Brain injuries are devastating injuries that occur every 15 seconds in the United States. Brain injuries are the leading cause of death in persons under the age of 45. There are approximately 5 to 6 million people living in the U.S. with brain injuries. Leading causes of brain injuries are motor vehicle accidents, falls, violence and sports injuries.
The brain can be damaged in multiple ways. In order to understand head injuries, it is useful to understand the different types of brain injuries that can occur:
Concussions – A concussion can be defined as a sudden alteration of the conscious state induced by trauma. The person affected may lose consciousness briefly and may be confused following. The brain can recover from a concussion but in certain circumstances, there may be residual damage. Concussions often occur in sports-related injuries.
Contusions – When the head strikes a hard, immovable object the brain may be bruised. Contusions are essentially bruises that result in damage to, or destruction of, brain tissue. They often occur in the frontal and temporal lobes. These are the lobes where behavior and memory centers are located, so damage to these areas can cause changes in behavior, changes in vision (including loss of vision), impairment of memory and occasional weakness or loss of coordination.
Diffuse axonal brain injuries (DAI) – In this type of injury, a shearing force damages nerve fibers or stretches blood vessels in the brain. The result may be hemorrhage (bleeding) and can also cause a cascade of chemicals that are toxic to the brain to be released. The temporal and frontal lobes are often affected. Symptoms of DAI include inattentiveness, problems with memory and disorganization.
Hypoxic-Ischemic brain injuries (HII) – Stroke is a common cause of this type of injury, in which the amount of oxygen is reduced to the brain (for example, from a blood clot). The injury causes brain swelling that restricts oxygen, glucose and other necessary nutrients from reaching the brain. A poor prognosis is associated with both HII and DAI in terms of cognitive function and memory impairment, if the patient survives the initial injury.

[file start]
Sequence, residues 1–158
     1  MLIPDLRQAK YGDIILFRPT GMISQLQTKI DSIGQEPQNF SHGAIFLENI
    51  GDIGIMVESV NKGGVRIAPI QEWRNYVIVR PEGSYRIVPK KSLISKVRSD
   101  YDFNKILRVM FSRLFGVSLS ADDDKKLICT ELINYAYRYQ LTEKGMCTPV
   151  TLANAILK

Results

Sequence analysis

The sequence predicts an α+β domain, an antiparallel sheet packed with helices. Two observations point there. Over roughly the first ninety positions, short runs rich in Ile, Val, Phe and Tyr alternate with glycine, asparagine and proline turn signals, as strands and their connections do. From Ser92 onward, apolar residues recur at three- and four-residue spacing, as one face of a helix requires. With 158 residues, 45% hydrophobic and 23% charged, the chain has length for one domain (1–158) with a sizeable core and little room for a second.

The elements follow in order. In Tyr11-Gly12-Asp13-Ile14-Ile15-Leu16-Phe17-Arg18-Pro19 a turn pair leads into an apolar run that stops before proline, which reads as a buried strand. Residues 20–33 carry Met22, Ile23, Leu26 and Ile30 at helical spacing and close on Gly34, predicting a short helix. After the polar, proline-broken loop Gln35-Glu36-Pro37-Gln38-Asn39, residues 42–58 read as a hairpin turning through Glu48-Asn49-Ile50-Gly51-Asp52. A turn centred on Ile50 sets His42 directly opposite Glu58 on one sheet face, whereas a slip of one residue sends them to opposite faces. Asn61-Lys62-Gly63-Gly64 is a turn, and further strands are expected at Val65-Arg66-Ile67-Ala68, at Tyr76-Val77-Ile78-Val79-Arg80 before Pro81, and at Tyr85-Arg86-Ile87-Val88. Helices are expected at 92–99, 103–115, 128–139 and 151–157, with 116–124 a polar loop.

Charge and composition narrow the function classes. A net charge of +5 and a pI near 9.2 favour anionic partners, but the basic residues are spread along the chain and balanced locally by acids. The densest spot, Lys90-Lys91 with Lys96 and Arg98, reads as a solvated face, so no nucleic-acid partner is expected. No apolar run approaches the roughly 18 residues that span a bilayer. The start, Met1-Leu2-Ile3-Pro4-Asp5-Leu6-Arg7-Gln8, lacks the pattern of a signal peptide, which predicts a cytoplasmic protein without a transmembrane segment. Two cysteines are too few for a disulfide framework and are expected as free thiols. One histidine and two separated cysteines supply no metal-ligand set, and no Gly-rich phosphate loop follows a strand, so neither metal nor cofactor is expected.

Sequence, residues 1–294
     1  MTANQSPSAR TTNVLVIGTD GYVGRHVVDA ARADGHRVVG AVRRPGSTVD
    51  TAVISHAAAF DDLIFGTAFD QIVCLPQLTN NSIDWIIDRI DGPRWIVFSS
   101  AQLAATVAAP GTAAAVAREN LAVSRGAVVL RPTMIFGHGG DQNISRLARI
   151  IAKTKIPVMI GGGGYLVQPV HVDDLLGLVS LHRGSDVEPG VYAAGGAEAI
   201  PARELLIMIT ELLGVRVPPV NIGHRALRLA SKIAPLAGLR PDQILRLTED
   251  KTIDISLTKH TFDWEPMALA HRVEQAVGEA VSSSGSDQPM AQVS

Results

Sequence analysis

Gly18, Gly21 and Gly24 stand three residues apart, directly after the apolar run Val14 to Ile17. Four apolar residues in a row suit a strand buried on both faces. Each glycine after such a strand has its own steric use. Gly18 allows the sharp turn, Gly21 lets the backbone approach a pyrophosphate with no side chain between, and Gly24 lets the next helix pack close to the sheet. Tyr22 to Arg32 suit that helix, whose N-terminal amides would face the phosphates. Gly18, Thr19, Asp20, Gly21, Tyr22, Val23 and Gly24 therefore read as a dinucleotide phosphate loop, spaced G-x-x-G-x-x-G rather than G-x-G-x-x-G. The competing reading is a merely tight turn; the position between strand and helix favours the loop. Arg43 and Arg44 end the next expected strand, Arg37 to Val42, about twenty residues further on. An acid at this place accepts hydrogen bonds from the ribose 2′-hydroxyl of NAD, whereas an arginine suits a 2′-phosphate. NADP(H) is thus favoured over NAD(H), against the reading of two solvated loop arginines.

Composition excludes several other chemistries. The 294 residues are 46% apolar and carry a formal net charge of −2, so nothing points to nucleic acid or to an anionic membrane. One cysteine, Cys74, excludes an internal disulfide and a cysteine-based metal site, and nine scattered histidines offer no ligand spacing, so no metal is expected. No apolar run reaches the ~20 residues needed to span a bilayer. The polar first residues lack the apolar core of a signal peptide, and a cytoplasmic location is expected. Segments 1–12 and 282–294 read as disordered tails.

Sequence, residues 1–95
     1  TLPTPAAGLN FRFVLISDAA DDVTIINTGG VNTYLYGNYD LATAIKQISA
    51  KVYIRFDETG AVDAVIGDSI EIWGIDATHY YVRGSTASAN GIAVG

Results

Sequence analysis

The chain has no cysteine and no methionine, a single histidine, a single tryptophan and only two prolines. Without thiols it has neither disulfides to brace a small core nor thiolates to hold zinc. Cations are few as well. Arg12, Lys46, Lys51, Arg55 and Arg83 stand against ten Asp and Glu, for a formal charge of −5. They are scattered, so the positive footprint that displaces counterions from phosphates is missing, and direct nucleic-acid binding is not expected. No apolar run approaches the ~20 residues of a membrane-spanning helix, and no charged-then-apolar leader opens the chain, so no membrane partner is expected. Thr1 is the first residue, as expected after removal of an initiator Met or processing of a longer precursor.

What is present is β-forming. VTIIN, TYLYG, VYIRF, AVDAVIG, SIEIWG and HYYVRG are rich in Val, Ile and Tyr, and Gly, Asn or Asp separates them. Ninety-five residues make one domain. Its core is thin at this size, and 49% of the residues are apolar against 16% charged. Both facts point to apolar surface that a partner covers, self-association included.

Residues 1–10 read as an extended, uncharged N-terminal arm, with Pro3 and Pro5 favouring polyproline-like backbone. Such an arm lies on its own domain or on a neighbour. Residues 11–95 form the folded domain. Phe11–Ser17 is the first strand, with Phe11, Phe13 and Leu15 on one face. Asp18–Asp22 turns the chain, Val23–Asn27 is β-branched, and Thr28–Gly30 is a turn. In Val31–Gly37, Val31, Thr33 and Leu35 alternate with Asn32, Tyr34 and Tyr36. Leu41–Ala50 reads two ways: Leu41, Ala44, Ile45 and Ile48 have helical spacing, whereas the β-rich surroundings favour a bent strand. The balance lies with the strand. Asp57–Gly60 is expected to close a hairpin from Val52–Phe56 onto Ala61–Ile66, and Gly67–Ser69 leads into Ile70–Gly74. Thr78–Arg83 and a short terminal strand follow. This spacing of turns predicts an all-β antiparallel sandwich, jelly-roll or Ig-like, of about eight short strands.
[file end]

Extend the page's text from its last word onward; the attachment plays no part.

Hemorrhage – A cerebral or intracranial bleed occurs when blood vessels within the brain bleed as a result of trauma or inherent weakness of a blood vessel (e.g. aneurysm). Hemorrhages may be tiny or large and symptoms correspond to the severity and location of the bleed. Hemorrhage does not always occur immediately after an injury, but may be delayed for hours or even days.
Infarction– “Infarction” is the medical term for stroke. Strokes occur when an artery supplying the brain is blocked, cutting off oxygen and nutrients to the brain. Speech, language and visual problems often occur after a stroke.
Hematomas – Hematomas develop outside the brain. Subdural hematomas occur over the surface of the parietal or frontal lobes. A subdural hematoma is slow bleeding outside the brain caused by a vessel carrying venous (unoxygenated) blood. Epidural hematomas are usually caused by damaged arteries, which carry blood under pressure, which can cause severe pressure which must be released immediately or death will occur. Subarachnoid hemorrhages occur when bleeding spreads slowly over the brain surface. Subarachnoid hemorrhages rarely cause death and may even be symptomatic.
There are numerous types of injuries which may be caused by trauma or physical conditions. Understanding the type of injury sustained can provide clues as to what to expect in terms of symptoms and outcome. Any time a brain injury is suspected, medical attention must be sought. Brain injuries can cause permanent and severe damage when not treated. With proper treatment, many patients recover.